The treatment of thousands of AIDS patients will be in jeopardy if Swiss drug maker Novartis succeeds in changing India''s patent law, Medecins Sans Frontieres (MSF) has warned.
Medecins Sans Frontieres, which translates to "doctors without borders", is a global humanitarian medical aid agency that has been actively campaigning for substituting the prohibitively expensive patented drugs from multinationals with low cost generic drugs as an effective treatment for HIV / Aids.
In the past few years, several Indian pharmaceuticals manufacturers have developed low-cost generic anti-retrovirals, currently being used effectively in African and other low-income countries under WHO programmes.
For instance, antiretroviral (ARV) treatment costs in 2004 were an estimated $10,000 per patient annually. But with the availability of generic drugs produced mainly in India, the cost came down to about $70 per patient per year.
Global multinationals have long regarded this as a threat to their sales and have even questioned the efficacy and quality of low-cost Indian medicines.
With the WHO having satisfied itself on the quality and efficacy of Indian anti retrovirals, they have begun being regarded medicines of choice by medical aid agencies involved in managing HIV / Aids patients
Accordingly, India has emerged as an important source of affordable generic medicines. Moreover, to ensure the availability of low-cost medicines, it did not grant pharmaceutical patents until 2005, when the country was forced into compliance with World Trade Organisation rules on intellectual property right protection.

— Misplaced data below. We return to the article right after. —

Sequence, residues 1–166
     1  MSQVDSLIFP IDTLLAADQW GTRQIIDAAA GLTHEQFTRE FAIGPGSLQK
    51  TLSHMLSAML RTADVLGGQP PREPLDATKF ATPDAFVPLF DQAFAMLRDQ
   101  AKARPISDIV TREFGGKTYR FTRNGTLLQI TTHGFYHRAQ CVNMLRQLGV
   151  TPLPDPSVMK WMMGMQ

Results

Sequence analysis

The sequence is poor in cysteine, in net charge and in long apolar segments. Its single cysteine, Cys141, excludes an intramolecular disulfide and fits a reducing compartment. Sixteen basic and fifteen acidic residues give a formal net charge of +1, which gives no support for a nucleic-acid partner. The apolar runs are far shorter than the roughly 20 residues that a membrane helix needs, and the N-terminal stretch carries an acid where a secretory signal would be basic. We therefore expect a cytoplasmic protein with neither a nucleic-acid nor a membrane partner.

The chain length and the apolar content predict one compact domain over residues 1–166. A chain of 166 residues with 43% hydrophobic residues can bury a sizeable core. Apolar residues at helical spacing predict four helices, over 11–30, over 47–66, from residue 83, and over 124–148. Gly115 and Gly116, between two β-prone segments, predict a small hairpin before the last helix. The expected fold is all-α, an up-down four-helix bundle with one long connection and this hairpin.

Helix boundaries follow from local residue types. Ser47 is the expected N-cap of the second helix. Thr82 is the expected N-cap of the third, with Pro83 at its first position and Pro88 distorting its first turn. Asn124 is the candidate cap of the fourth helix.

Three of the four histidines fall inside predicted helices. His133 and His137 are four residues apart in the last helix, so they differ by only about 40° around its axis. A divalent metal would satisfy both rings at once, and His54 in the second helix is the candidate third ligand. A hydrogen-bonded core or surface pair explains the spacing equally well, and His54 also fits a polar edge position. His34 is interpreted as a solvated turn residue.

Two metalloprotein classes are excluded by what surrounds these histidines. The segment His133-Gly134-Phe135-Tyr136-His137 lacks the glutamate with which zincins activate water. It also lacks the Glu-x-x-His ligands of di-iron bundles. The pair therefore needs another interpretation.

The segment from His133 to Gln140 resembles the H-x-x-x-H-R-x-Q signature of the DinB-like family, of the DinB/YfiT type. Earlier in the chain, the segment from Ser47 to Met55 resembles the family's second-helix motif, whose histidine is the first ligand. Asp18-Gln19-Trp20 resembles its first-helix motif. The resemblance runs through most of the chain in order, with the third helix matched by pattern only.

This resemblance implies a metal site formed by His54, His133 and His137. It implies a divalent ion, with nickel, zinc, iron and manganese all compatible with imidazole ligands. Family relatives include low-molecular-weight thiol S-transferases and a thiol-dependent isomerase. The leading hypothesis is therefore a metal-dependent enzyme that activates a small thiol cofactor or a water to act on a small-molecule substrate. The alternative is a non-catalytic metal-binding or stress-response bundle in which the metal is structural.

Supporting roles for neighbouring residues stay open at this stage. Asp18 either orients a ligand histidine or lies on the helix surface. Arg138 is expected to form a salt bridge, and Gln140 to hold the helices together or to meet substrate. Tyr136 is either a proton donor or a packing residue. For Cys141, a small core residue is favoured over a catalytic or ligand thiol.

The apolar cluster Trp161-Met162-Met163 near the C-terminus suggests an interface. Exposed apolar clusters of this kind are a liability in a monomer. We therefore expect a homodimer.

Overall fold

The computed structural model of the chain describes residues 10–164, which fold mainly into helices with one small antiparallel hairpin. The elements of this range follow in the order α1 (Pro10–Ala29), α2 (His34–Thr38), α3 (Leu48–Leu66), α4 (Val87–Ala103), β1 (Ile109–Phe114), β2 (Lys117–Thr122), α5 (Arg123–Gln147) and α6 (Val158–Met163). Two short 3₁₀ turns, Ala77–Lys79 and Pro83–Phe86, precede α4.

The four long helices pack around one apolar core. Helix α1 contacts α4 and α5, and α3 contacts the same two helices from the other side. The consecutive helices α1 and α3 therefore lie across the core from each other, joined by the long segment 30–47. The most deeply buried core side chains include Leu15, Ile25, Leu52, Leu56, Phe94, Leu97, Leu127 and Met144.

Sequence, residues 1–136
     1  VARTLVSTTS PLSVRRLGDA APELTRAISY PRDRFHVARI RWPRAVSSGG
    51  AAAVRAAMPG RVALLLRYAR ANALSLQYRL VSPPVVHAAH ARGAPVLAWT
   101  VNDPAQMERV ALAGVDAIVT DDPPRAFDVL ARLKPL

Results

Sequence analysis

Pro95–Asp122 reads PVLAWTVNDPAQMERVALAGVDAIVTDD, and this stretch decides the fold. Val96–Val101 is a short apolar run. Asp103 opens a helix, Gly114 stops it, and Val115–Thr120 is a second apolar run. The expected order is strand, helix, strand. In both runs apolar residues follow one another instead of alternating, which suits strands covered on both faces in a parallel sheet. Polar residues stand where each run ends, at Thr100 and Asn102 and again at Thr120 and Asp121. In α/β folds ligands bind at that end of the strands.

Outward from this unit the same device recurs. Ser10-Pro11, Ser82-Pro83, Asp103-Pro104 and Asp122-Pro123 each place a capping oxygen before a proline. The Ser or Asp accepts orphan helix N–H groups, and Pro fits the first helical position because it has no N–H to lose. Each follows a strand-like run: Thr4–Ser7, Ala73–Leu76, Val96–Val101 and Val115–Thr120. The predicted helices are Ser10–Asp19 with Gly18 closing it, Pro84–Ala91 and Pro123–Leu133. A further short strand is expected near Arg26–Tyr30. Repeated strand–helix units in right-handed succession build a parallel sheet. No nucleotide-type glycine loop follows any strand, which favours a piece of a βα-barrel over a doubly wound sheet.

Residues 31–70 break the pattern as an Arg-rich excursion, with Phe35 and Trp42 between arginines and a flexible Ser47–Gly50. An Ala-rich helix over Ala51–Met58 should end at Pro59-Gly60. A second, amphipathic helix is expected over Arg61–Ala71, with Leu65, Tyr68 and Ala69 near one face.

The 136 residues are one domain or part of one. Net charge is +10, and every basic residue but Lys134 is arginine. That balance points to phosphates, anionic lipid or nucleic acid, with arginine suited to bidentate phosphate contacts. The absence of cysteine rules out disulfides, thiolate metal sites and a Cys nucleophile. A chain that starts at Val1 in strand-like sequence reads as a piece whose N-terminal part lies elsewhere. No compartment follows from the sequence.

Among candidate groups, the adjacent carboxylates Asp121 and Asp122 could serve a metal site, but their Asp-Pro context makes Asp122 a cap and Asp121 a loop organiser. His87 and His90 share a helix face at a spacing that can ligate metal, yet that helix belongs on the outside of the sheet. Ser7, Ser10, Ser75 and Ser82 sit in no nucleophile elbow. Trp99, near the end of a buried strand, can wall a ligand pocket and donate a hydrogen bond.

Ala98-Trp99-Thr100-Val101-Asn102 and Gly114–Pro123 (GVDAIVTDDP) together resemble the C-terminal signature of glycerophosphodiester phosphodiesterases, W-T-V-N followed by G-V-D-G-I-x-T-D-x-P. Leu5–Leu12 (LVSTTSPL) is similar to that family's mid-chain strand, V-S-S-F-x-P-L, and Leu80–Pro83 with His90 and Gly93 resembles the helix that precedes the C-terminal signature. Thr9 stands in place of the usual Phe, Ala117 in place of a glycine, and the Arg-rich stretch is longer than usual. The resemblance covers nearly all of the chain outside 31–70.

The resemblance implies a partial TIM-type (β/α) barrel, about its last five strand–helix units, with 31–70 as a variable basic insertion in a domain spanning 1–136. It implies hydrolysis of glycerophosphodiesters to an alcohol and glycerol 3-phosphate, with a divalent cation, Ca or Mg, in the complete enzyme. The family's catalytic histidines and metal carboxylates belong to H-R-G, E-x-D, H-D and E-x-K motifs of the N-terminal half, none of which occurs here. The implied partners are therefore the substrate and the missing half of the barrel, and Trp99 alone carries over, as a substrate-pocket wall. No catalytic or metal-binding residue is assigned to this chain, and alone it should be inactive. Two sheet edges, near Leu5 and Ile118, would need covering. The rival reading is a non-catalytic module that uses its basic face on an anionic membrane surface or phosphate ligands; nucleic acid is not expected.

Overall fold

Novartis has now challenged a provision of India''s patent law and seeks the granting of patents far more widely, a move that would restrict the availability of affordable generic medicines, MSF said in a statement.
Novartis has argued that the principle of intellectual property protection must be safeguarded if innovation is to flourish.
MSF rebuts the claim saying spurious patents on "new" drugs of insignificant difference like a drug becoming a capsule rather than a pill and no longer requiring refrigeration, were threatening lives of patients in the developing world.
Patient groups and volunteers involved in treatment of patients, usually from among the low-income groups, want this case dropped on the grounds of low-cost treatment being denied to patients. The accuse drug makers like Novartis of trying to put profits before peoples'' lives, which would lead to grave consequences.
According to MSF spokesman James Lorenz, "If they (Novartis) hit India, it basically cuts off the lifeline for generic medicines. They''re going for the jugular."
India''s generic drugs also form the backbone of MSF''s AIDS programmes that covers the treatment of 80,000 people in 30 countries, including African countries. "We are reaching a quarter of the people who need antiretroviral treatment in sub-Saharan Africa," says Dr Ivy Mwangi of MSF.
"Rapid scale-up in treatment is only possible with the availability and affordability of generic drugs, most of which are produced in India," adds Mwangi.